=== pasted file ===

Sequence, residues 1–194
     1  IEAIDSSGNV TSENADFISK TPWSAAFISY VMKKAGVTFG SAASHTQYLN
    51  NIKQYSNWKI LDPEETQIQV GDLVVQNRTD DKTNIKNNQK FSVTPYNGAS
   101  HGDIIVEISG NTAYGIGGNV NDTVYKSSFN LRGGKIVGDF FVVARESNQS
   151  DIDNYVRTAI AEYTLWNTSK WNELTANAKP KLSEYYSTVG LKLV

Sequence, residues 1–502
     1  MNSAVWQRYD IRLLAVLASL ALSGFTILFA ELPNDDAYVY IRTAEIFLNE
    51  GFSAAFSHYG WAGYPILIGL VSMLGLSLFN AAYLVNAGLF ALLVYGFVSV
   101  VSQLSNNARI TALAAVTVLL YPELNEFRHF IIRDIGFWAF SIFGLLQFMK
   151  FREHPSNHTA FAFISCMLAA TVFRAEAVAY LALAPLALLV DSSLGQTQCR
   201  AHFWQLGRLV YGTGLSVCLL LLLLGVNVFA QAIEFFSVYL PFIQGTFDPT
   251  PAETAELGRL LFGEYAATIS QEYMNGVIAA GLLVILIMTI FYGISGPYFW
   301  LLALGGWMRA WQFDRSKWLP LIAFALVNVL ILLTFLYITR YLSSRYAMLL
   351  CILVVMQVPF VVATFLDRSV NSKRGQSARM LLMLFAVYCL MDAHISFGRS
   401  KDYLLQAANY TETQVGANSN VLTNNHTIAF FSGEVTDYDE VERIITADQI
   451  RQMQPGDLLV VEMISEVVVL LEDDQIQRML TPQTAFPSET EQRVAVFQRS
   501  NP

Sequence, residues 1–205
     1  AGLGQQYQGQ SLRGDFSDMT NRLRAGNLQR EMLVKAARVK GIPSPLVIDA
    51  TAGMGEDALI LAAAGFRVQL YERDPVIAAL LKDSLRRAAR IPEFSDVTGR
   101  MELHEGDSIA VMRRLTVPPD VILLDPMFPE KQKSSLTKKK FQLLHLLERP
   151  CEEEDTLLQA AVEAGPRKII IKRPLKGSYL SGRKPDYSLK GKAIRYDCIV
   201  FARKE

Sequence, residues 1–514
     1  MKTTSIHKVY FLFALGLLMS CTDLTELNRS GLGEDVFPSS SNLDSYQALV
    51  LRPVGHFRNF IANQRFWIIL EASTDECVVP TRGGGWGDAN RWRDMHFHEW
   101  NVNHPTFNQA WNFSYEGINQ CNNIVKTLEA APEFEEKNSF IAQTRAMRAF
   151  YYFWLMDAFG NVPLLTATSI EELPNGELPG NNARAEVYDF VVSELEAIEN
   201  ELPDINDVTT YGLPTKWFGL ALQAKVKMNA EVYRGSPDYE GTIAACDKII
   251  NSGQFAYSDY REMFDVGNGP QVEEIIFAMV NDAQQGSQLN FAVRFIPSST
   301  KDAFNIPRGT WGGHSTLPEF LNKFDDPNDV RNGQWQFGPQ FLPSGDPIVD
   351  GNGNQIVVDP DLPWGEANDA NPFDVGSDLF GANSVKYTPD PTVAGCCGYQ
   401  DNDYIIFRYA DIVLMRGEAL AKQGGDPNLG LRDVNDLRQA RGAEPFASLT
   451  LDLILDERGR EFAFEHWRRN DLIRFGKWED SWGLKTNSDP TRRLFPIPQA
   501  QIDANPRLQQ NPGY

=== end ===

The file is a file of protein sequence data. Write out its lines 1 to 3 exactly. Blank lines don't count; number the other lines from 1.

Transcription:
Sequence, residues 1–194
     1  IEAIDSSGNV TSENADFISK TPWSAAFISY VMKKAGVTFG SAASHTQYLN
    51  NIKQYSNWKI LDPEETQIQV GDLVVQNRTD DKTNIKNNQK FSVTPYNGAS